Introduction This is a society in which children are expected to live into adulthood. Not much is known about the long-term needs of children, who will not reach adulthood, but who may live with their conditions for many years.
Aims To hear directly from life limited children and their families about their day-to-day experiences.
Methods Case study provided the overarching strategy combined with participant observation, interviews and an invitation for young participants to use their own artwork and photographs to help them explain their day-to-day experiences. Eleven children, parents and siblings from ten families took part (39 participants).
Findings and discussion Children diagnosed early in babyhood seemed to have an identity within which the illness was integrated, perhaps because they were growing children hardly able to remember a time before their illness.
The children who took part were going to lead short lives. Families tried to shut away this fact to get on with daily life and live life to the full for and with the child.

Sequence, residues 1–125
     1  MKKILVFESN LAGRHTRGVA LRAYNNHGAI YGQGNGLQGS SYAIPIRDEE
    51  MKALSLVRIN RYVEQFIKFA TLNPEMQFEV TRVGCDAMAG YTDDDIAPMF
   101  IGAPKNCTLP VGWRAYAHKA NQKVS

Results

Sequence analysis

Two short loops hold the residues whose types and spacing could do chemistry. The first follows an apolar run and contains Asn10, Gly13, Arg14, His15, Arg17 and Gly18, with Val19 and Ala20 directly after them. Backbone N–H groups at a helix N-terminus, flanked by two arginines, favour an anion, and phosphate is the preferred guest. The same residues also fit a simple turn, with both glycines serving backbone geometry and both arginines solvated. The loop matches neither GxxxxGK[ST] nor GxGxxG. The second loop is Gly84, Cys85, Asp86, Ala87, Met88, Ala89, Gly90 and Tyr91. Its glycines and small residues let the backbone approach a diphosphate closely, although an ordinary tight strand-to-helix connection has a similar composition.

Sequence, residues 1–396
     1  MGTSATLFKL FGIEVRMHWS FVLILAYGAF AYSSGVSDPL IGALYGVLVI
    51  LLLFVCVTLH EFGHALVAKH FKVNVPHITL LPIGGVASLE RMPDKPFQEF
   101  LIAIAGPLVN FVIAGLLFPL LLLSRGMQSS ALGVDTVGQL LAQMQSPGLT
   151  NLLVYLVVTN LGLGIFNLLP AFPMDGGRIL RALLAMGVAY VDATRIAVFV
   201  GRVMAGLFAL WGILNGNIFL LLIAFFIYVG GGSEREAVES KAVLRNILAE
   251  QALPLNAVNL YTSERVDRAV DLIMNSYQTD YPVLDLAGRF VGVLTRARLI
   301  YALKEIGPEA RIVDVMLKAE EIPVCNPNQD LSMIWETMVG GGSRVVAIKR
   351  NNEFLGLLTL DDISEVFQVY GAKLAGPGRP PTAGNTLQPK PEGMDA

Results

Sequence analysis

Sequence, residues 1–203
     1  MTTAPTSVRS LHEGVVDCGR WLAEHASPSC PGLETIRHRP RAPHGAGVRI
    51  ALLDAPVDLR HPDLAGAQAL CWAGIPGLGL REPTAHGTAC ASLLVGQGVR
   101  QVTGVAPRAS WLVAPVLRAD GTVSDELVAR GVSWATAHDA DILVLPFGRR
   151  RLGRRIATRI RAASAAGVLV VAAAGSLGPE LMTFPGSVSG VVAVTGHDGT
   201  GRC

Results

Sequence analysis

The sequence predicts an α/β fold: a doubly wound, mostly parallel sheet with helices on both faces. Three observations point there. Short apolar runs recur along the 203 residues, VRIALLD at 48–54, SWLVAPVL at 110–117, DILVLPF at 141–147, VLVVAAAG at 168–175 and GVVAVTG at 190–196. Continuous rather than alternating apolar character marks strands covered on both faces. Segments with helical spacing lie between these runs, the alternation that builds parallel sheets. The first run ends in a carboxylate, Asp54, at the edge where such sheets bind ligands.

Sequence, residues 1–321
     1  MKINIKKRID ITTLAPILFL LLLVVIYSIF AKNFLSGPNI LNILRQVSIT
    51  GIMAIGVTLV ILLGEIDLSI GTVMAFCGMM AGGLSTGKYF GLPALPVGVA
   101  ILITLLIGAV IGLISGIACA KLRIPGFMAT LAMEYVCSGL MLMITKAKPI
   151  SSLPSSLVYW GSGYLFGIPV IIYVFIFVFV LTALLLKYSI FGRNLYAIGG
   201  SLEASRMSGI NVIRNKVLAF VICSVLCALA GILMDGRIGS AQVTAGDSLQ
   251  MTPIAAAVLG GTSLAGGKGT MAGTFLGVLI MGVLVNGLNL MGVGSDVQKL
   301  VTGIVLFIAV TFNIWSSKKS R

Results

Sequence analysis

Common elements (‘moments of realisation’) in the children’s life stories emerged:
Questions of inheritance
Diagnosis and prognosis
Acute loss of abilities
Life threatening surgery
The cycle of crisis and survival
The child’s life and death.
These elements followed similar patterns across cases despite the range of diagnosis; they ebbed and flowed throughout the child’s life generating fear and uncertainty for the child and their family.
Families lived day-to-day in a society that expects children to live into adulthood. Participants felt alone with the knowledge that their child would die young, aware of the wider social context Professionals should be aware that ‘moments of realisation’ in the child’s unfolding life might highlight times when pressure on family communication is heightened.
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